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Improving Support for Caregivers

  [ 79 votes ]   [ Discuss This Article ]
By 1999 Progress Report by the NIA/NIH • • December 13, 1999

Perhaps one of the greatest costs of Alzheimer's disease is the physical and emotional toll on family, caregivers, and friends. As Alzheimer's disease makes inroads into a person's memory and mental skills, it also begins to alter his or her emotions and behaviors. Patients can experience extreme agitation and feelings of anger, frustration, and depression. They can begin to exhibit bizarre behaviors such as pacing, wandering, screaming, and physical or verbal aggression. These changes in a loved one's personality and the need to provide constant, loving attention for years on end are major reasons for caregiver exhaustion and depression, and for why AD patients are placed in nursing homes. A recent study analyzing data from more than 1,500 caregivers who participated in the 1996 National Caregiver Survey provides details on the physical and other costs of caregiving (Ory et al., 1999).

These data show that dementia caregivers spend significantly more time on caregiving tasks than do people caring for those with other types of illnesses. In addition, they report that this type of caregiving has a greater impact in terms of employment complications, caregiver strain, mental and physical health problems, time for leisure and other family members, and family conflict than do other types of caregiving. The authors suggest that these findings point to a need for programs and support services tailored to the unique challenges faced by AD caregivers. This suggestion is supported by research conducted at Cornell University, which demonstrated the effectiveness of peer support programs that link caregivers with trained volunteers who have also been dementia caregivers (Pillemer et al., 1999). Not surprisingly, the researchers found that these programs were especially effective for those caregivers whose social support networks were weak before the program began. They also found that the intervention had the strongest positive effects on the psychological well-being of caregivers who were in the most stressful situations.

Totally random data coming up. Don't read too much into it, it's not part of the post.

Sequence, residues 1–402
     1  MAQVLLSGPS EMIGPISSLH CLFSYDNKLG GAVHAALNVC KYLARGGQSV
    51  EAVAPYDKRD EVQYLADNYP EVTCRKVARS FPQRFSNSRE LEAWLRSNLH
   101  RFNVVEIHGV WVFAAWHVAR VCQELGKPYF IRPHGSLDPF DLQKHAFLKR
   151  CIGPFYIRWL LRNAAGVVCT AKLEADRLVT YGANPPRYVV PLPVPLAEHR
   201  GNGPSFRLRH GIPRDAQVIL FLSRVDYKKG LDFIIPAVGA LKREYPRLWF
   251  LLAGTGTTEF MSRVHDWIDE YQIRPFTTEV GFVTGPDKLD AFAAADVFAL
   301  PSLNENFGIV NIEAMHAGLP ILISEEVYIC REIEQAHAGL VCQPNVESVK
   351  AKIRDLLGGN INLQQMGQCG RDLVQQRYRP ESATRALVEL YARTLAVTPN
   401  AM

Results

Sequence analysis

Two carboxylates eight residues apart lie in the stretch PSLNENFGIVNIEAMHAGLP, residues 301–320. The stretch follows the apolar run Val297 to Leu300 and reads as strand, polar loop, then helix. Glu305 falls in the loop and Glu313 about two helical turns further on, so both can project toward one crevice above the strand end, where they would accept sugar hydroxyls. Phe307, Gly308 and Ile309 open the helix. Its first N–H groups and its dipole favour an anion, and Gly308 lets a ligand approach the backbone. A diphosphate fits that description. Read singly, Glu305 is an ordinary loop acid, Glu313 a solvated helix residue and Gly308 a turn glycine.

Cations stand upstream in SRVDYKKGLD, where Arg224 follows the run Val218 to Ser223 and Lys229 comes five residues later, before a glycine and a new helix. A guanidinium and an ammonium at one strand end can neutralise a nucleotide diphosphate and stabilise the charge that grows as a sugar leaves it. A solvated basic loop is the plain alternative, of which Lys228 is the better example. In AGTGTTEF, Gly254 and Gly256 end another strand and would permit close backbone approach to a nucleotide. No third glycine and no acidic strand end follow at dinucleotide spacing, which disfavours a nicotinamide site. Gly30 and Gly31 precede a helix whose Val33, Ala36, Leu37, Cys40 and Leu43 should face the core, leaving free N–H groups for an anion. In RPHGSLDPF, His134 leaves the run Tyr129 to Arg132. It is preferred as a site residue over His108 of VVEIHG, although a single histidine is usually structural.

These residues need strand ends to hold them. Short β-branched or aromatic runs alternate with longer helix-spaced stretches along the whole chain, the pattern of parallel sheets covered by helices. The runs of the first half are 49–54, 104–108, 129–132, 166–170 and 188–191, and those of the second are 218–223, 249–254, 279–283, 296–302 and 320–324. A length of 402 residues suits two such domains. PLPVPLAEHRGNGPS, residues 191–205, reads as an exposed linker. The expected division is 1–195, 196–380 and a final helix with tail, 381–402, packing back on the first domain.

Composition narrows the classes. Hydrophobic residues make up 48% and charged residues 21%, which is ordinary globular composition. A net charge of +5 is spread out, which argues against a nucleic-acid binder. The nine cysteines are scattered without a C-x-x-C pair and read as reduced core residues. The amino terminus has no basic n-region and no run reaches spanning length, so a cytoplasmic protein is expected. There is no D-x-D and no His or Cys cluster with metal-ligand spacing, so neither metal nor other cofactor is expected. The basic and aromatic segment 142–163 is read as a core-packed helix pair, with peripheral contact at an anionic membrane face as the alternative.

Other research conducted at the University of Washington, Seattle, and at the University of California at San Diego has attempted to fill gaps in our understanding of the psychological and physiological responses of caregivers to the chronic stress of taking care of an AD patient. These studies suggest that there is not a generic response to caregiving burdens, but that certain caregiver characteristics (being male), a lack of respite from caregiving responsibilities, and the presence of preexisting illnesses (such as heart disease), make some caregivers especially vulnerable to the stresses associated with dementia care. These vulnerabilities include increases in heart disease risk factors, such as cholesterol levels and blood pressure, and decreases in immune function indicators (CD4 counts) (Mills et al., 1999; Vitaliano et al., 1998).

Source: National Institutes of Health; National Institute on Aging

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